|Paris Brest Paris||the flying bean|
Nov 26, 2002 6:05 AM
|Me and a mate are hoping to qualify for the 2003 PBP. We've done 200k and 300k rides but have never experienced riding through the night. Could anyone out there tell of their experiences of doing their first PBP, especially relating to sleep deprivation and night riding! Thanks very much in anticipation.|
|P-B-P = Not Much Sleep (pas de dormir)||Dale Brigham|
Nov 26, 2002 7:09 AM
|Dear Flying Bean:
I've only done PBP one time (1999), and I too hope to qualify for 2003. Regarding the qualifying brevets, the 200, 300, and 400 km rides are really just "day rides," meaning that no overnight is needed. The 600 km brevet is longer, of course. I did mine as a 400 km first day and 200 km second day. Again, not much sleep deprivation. PBP itself is very different from the brevets in this respect.
The amount of sleep deprivation you will experience in PBP depends on 1) the starting group you choose, and 2) how fast you ride. As you may already know, PBP has three starting groups, designated by the maximum finish time for each group: the 80, 84, and 90 hour groups. The 80 and 90 hour groups start at night (8 p.m. and 10 p.m., respectively), and the riders go all night and into the next day until resting. The 84 hour group starts the next morning (at 5 a.m.); that's the group I chose to be in for the 1999 PBP.
I chose the 84 hour start because I wanted to try to maintain (as much as possible) a normal circadian (day/night) rhythm. That is, ride in the day, and sleep at night. If you choose the 80 or 90 hour groups, you immediately turn that upside down, since you start out by riding all night. Some argue that such a disruption is not a factor, but I thought otherwise.
My four riding "days" were approximately 300, 200, 200, and 100 miles long (the '99 PBP course was a bit long -- about 780 miles rather than the advertised 750 miles). My riding partner and I rode until 2 a.m. or later the first 3 days, and with showering and other housekeeping duties and getting to and from our lodging, we got less than 4 hours of sleep a night (2 to 3 hours, usually). I had hoped to ride faster, perhaps finishing our days by midnight each day at the latest, but ce la vie!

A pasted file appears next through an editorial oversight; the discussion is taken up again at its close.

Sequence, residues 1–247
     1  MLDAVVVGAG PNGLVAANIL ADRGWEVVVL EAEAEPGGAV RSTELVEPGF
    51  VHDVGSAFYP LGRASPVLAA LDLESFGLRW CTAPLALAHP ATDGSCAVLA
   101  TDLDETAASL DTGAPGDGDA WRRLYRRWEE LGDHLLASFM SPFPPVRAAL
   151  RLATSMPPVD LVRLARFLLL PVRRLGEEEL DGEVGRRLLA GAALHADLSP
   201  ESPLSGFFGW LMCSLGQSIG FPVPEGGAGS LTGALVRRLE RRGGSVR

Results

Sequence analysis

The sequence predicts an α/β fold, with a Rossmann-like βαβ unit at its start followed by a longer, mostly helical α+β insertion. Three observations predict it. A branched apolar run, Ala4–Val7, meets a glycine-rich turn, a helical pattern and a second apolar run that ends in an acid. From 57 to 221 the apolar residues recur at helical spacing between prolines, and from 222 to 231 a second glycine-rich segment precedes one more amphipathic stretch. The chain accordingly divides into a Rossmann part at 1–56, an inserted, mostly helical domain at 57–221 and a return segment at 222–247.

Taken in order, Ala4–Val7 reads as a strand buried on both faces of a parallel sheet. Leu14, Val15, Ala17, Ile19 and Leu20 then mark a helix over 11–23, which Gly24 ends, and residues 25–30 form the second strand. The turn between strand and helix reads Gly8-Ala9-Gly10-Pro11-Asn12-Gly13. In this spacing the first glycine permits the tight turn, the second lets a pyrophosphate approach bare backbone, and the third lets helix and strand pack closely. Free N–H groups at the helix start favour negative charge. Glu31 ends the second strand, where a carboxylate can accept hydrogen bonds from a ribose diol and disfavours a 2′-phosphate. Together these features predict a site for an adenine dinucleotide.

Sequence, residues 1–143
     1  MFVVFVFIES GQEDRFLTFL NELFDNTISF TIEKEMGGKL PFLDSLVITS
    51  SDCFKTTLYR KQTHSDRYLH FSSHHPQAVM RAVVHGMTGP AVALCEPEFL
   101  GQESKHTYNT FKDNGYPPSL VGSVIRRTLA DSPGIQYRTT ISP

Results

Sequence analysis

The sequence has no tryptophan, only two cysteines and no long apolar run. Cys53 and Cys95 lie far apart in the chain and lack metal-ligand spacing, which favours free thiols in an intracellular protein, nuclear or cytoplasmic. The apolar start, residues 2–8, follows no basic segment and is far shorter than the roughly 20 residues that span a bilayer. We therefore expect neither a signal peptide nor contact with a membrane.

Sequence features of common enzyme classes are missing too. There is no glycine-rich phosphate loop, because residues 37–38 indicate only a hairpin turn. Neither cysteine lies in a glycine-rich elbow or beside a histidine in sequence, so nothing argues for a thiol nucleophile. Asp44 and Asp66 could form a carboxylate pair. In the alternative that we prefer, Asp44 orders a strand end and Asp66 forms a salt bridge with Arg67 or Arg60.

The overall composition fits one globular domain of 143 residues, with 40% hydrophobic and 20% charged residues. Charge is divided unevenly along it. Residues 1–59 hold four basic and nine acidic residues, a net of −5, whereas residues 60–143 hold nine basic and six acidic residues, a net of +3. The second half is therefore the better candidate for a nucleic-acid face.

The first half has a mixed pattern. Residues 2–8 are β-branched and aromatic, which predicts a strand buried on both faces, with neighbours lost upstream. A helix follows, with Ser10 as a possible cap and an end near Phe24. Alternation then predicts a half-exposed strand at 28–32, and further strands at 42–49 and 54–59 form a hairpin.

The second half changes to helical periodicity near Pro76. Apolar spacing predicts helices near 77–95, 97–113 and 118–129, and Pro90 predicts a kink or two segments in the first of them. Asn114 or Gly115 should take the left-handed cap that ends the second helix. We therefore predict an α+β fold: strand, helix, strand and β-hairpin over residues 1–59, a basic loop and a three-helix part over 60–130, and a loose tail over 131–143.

Miraculously, I never felt that sleep deprivation was a problem. First, the excitement of the event keeps you going. Literally thousands of other randonneurs are out there on the road, and you will likely be in a clump of at least a few at all times. Second, the intermediate checkpoints (controls) allow for good rest breaks and cat-napping. You can even get massages at the controls. Third, there's always big bowls of French coffee at the controls and (this is what makes PBP the greatest event in the world) being given away to riders by folks on the side of the road. Fourth, the French people buoy you along with their encouragement. It's like nothing I've ever experienced in thirty-plus years of racing and riding.
Don't worry about sleep (or lack thereof), is my advice. PBP has an energy that will carry you to the finish.
|P-B-P = Not Much Sleep (pas de dormir)||the flying bean|
Nov 26, 2002 7:24 AM
|Thanks very much Dale. Very encouraging. May see you there next year.
|Night riding during PBP||Dale Brigham|
Nov 26, 2002 9:11 AM
I almost forgot that you also asked me about the night riding. In short, it is beautiful and safe to ride at night during PBP. It actually was my favorite time to ride. The relative heat of the day is gone and a new kind of beauty descends on the countryside. For example, in Brittany, the towns are typically built on hilltops, and at night when you peer across from a ridge to the valley below, they look like lighted ships on the ocean.
To top it off, there were clear skies and a full moon on the nights of the '99 PBP. There was almost enough ambient light to ride without headlamps. The roads were great (I never saw a single pothole), and the auto drivers (which were quite scarce at night) were both skillful and courteous.
I've done rando events in the States that required night riding, and it's been generally been a fearful and unpleasant experience. Night riding during PBP is a joy.
I will see you in Paris next August, Bean!